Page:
Korn: The Path of Totality

Davis discovers dubstep. Civilisation shrugs.

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Where do former nu metal icons go once the genre they pioneered has been largely degraded into extinction? For Korn, that journey has involved bagpipes, kilts and other comical digressions.

Last year’s Korn III took them back to indie-label garage-rock basics. But this ear-bashing sequel strikes off in a bold new direction, recruiting producers from the heavy end of dubstep and electronica to clothe these Californian veterans in futuristic new robo-rythmic armour.

Happily defying expectations of clueless bandwagon-jumping, this dose of electro-punk Viagra proves surprisingly effective, lending a shiny new tumescence to Korn’s sagging nu metal weaponry. Admittedly the techno makeover feels contrived and cosmetic on several lesser numbers. But the best tracks are those featuring Skrillex, the divisive young rising star of industrial dubstep who manages to deconstruct Korn’s monster riffs and layered vocals into bass-shuddering Godzillas without sacrificing their integrity.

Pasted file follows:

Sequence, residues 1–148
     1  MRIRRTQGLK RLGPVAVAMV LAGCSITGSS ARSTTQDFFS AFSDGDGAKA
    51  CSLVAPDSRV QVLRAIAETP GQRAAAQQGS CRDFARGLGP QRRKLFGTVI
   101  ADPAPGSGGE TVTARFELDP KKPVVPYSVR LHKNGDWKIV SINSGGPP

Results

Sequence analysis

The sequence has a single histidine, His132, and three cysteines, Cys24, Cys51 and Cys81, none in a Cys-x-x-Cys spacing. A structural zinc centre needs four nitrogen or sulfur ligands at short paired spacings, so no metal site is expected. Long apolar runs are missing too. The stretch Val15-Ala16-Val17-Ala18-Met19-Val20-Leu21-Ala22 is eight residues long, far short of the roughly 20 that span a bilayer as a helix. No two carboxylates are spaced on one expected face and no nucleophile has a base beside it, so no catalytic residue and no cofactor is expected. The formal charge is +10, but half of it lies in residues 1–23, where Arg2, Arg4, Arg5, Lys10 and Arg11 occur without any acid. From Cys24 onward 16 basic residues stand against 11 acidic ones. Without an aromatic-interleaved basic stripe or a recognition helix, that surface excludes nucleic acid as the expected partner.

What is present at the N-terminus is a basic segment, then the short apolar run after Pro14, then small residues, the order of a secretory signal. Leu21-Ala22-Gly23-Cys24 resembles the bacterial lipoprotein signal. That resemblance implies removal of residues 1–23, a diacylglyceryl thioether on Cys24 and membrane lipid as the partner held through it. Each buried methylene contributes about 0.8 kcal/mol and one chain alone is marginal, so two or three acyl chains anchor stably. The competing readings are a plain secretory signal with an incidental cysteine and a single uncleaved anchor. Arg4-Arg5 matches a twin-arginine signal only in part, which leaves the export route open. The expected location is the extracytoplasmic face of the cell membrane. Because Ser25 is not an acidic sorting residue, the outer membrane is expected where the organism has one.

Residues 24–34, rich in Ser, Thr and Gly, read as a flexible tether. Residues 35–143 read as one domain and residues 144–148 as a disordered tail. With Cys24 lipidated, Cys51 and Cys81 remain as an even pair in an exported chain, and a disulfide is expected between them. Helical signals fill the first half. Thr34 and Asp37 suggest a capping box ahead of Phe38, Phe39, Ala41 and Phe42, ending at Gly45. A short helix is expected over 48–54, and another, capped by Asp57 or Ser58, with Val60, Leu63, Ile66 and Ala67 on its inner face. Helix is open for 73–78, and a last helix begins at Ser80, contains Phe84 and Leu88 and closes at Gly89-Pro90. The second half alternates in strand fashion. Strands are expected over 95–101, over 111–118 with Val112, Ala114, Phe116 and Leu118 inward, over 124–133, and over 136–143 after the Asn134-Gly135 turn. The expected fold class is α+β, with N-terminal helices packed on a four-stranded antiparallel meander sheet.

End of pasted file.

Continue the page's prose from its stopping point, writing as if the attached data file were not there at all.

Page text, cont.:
Chaos Lives In Everything and Narcissistic Cannibal already sound like future stadium-flattening anthems. With typical modesty, Jonathan Davis has hailed this album as a seismic evolutionary change in rock, forgetting that fellow hybrid acts like the Prodigy and Pendulum have been mixing heavy guitars and dubstep-style clusterbeats for years now.

Even so, Korn deserve credit for taking such a bold and broadly successful detour so deep into their career.

Stephen Dalton

Stephen Dalton has been writing about all things rock for more than 30 years, starting in the late Eighties at the New Musical Express (RIP) when it was still an annoyingly pompous analogue weekly paper printed on dead trees and sold in actual physical shops. For the last decade or so he has been a regular contributor to Classic Rock magazine. He has also written about music and film for Uncut, Vox, Prog, The Quietus, Electronic Sound, Rolling Stone, The Times, The London Evening Standard, Wallpaper, The Film Verdict, Sight and Sound, The Hollywood Reporter and others, including some even more disreputable publications.